TOURISM & ENVIRONMENTAL CONSERVATION

by Paul Harrison

Tanzanian tourism continues to grow steadily

According to the World Travel and Tourism Council (WTTC), reported in the Daily News, the tourism industry grew by 5.6% in 2018 across Africa compared to a global average of 3.9%, making Africa the second fastest growing region after Asia-Pacific. Tanzania continues to outpace many other East African nations, with a solid product range of safaris, walking, mountaineering and beach tourism boosting the industry which accounts for 17% of Tanzania’s GDP. The Citizen reports that Tanzania was 10th in the tourism growth ranking across the continent, based on the WTTC’s 2019 Competitive Index.

However, the ease of doing business for the tourism sector is diminished by a robust bureaucracy, a forthright national revenue service and ongoing difficulties in accessing foreign exchange, for companies and tourists alike. Queues at a restricted number of dedicated forex bureaux have become commonplace. As the country looks to improve the investment climate through 2020, the government faces a challenge to align pro-investment messaging with improvements in bureaucracy. For instance, The Citizen reported the government statement that it will simplify the procedure for wildlife filming, recognising the potential for wildlife films and documentaries to attract visitors.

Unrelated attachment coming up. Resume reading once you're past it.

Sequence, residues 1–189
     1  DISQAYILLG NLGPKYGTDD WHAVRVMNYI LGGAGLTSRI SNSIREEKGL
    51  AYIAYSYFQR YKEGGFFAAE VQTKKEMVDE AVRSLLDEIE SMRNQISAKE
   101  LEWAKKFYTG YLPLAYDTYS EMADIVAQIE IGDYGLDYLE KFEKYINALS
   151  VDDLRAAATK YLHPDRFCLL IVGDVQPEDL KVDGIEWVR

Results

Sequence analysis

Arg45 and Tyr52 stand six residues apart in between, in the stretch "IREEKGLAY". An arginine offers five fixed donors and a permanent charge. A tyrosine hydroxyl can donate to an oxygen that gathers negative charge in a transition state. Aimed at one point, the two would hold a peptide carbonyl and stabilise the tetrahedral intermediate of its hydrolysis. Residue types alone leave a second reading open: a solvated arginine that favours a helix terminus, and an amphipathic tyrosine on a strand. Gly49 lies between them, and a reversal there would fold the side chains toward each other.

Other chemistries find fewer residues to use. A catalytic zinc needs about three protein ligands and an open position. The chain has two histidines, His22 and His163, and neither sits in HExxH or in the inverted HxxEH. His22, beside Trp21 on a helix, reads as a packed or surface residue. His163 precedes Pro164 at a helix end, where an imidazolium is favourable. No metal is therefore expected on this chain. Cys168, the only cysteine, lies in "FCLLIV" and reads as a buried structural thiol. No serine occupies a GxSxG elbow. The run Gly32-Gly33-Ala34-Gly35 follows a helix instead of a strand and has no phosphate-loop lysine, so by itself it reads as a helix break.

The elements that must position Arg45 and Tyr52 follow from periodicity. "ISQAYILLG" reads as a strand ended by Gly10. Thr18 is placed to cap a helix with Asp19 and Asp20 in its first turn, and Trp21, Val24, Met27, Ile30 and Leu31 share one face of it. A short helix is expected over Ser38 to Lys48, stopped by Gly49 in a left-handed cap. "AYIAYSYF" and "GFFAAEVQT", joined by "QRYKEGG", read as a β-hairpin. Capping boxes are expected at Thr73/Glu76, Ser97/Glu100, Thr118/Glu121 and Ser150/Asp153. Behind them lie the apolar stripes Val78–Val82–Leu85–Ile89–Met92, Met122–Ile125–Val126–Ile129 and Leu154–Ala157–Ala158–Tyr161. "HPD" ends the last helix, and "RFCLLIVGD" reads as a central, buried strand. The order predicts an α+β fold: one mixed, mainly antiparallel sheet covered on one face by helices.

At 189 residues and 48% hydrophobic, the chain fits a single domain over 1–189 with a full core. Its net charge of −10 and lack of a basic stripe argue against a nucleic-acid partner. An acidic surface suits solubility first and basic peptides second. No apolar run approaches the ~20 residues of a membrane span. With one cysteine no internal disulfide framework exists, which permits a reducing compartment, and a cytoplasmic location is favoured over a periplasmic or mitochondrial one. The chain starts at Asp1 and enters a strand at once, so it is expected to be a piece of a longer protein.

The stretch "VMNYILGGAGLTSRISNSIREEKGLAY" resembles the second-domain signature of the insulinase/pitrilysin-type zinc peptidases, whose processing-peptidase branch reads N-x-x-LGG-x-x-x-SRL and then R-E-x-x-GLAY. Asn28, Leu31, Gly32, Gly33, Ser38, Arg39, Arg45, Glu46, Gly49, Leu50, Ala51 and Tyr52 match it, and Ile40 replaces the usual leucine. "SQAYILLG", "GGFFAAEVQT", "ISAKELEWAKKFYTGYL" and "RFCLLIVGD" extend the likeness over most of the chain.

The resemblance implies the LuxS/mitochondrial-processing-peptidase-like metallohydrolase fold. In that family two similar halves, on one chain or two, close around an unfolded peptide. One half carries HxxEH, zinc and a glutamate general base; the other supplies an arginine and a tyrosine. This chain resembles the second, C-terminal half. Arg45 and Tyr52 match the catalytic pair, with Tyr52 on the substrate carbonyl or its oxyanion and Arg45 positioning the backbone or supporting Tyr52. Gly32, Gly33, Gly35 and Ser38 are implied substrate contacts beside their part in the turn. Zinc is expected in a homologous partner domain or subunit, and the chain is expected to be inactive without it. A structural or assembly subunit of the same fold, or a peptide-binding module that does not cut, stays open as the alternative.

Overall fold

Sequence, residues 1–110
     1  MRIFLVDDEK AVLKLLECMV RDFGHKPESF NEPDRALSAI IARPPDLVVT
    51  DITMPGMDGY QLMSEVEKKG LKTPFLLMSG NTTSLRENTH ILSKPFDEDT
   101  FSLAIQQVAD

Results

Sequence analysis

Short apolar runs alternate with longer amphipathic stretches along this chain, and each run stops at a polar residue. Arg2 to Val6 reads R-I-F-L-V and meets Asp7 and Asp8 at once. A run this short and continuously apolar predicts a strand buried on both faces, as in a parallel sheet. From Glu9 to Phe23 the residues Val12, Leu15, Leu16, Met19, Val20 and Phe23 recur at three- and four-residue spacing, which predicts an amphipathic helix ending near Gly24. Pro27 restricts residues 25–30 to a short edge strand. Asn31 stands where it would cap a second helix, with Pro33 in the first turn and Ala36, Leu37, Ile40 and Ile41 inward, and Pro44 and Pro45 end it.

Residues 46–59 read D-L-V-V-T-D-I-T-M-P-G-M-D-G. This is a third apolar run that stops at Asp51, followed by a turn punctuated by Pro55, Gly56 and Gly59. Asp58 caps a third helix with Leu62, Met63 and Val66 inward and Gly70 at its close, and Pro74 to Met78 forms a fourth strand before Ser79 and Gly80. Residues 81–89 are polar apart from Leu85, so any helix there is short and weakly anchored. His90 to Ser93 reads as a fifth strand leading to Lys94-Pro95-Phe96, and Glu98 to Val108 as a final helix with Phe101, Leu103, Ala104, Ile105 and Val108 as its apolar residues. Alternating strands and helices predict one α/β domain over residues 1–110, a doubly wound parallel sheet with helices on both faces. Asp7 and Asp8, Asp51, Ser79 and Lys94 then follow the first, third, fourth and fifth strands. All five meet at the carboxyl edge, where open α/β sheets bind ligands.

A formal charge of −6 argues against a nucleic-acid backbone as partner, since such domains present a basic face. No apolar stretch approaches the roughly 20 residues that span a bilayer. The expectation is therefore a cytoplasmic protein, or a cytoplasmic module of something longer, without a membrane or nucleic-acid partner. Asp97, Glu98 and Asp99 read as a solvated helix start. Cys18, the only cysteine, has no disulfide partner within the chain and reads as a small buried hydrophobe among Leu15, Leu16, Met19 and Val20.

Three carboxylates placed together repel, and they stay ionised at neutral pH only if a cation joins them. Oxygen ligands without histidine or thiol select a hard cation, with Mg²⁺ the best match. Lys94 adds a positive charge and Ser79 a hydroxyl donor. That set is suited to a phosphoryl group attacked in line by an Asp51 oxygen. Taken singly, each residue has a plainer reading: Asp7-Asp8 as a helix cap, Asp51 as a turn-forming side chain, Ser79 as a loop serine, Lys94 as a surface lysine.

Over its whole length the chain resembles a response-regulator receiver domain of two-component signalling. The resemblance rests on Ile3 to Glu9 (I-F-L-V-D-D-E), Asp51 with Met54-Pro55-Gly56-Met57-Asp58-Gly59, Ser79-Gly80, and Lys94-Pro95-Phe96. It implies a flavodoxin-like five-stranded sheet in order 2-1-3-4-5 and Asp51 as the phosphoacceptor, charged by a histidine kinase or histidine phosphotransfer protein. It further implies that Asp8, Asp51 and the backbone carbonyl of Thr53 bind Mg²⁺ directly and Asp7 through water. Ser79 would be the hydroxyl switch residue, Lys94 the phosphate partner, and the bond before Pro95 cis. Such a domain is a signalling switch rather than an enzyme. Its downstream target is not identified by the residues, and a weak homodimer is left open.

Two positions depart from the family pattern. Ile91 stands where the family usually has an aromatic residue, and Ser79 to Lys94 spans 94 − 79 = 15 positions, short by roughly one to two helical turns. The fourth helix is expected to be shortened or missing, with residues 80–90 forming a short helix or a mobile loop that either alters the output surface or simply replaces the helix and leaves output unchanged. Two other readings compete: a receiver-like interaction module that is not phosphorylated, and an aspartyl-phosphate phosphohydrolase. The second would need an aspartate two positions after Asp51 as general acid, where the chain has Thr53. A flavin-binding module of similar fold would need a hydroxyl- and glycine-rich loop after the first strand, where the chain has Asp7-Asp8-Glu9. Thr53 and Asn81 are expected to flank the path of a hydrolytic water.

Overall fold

Ongoing investments in infrastructure include a new train operating between Dar es Salaam and Moshi, expected to encourage hikers, backpackers and those seeking a slower pace of sightseeing. Investments in the road network aid tourism growth although these sometimes risk impacting the viability of key wild animal populations such as lions, which require large undisturbed areas and the ability to migrate freely.

Lions, symbol of Tanzania’s might, at risk
In Tanzanian daily life, the lion features on currency, commercial logos, kanga designs and tourist shirts, but the economic benefits of lions to Tanzania are not widely known. There are around 8,000 lions in Tanzania, accounting for over a third of all lion populations globally. This point of pride for Tanzania is also a great responsibility. 60% of Tanzania’s lions live outside protected areas and are increasingly threatened. Lions are vital to Tanzania’s tourist industry, with tourists wanting to see lions above all else. Healthy lion populations keep herbivore populations under control which keeps diseases at bay; their habitats serve as carbon sinks. Water from lion habitats feeds rivers, supplying major cities and conserving lion habitat ensures more resilient ecosystems. Yet investments into lion conservation are limited, reflecting a lack of awareness of their plight. A campaign called #bethepride has been launched, with national and international support, to raise awareness of dwindling lion populations, increase Tanzanians pride in them and help individual Tanzanians act to protect them.